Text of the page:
The paradox, however, is that during these yeas, Portugal has emerged as a valuable paradigm case of strict economic adjustments, successful fiscal data and easy way out from the stabilization and fiscal disciplined program. In contrast, specifically, with the Greek case, where the political elite has not been united upon the critical economic conditions, that should face, Portugal provided the opposite successful scenario. The political elite, both from PSD (centre-right) and PS (centre-left), applied with prudence and consistency the obligations and the economic program has been completed faster. However, the completion of the program did not lead to Coelho’s’ consistent societal approval. The electoral body proved to be more divided into the alternatives, and the vote sharing led to a new coalition alternative, this time merely left.
The international and European press tend to emphasize that this upcoming left coalition has nothing to do with the Greek Syriza case and its government doubt, that has been shown in the previous parliamentary term, concerning the continuous or not of the European bailout in the country. The representatives of the entire left coalition in Portugal are making clear that the national policy of staying and being part of EZ will not be at risk. Their main political demand is the new economic program in Portugal to have a different orientation, to be namely growth and public spending oriented. However, the PSD is expressing fears concerning the intentions of this new political coalition that is to become the new government.
Overall, what we should bear in mind when we focus on the analysis about a possibly changing European political landscape, is that the voting sharing follows an alternative destination, when the common sense realizes that no an immediate fiscal danger exists for the country and for themselves in a personal level. During the tough, economically, periods of 2010-2013, the majority of the electoral body was tightly rallied around purely pro-Europe parties.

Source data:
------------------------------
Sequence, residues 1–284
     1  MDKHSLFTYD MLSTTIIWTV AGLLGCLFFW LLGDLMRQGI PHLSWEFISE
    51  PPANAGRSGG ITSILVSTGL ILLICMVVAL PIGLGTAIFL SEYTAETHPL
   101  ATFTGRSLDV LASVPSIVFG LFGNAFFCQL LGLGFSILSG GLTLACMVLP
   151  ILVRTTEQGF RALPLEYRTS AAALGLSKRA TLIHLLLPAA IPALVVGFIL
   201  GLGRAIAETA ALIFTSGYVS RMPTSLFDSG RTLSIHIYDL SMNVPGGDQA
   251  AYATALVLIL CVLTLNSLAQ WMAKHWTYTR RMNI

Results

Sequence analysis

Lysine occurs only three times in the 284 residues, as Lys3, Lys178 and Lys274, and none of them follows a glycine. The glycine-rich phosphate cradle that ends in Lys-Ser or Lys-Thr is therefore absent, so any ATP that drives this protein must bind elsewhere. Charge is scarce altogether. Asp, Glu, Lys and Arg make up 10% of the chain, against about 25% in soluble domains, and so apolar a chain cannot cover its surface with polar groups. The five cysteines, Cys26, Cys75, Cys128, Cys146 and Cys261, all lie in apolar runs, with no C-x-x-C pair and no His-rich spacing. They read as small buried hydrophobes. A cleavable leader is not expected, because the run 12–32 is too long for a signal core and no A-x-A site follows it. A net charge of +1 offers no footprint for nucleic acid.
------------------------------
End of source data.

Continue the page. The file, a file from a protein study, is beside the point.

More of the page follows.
Second, the Syriza case, although confusing in the European context, provided the, until now, successful scenario of a semi Eurosceptic political party, that easily capitalizes anti European or reactionary votes and at the same time follows the mainstream European official economy strategy.
The core conclusion is that the political systems in Europe are facing pressures, such as the social dynamic of unemployment, the rise of extremism, an antiparliamentary way society chooses to expresses its political demands, and the lack of confidence and trust for the incumbent political elites.
Europe should prepare the strategy for the post-Memorandum period. The main strategy the countries with unbalanced and problematic economics to learn how to function within an economic frame, with established, strict rules that provide health economies, needs to be adjusted with an additional strategy of how to push people that struggle in the new economies to function, to produce for living. This is always about the wealth-fare policy, which is constructed through the years in Europe, by Europe with a fundamental aim to achieve prosperity. Until then we should be prepared to face critical political conditions, such those in Portugal for example, that are being explained only through the prism of the societal anxiety, which as a main target has the prosperity to be established.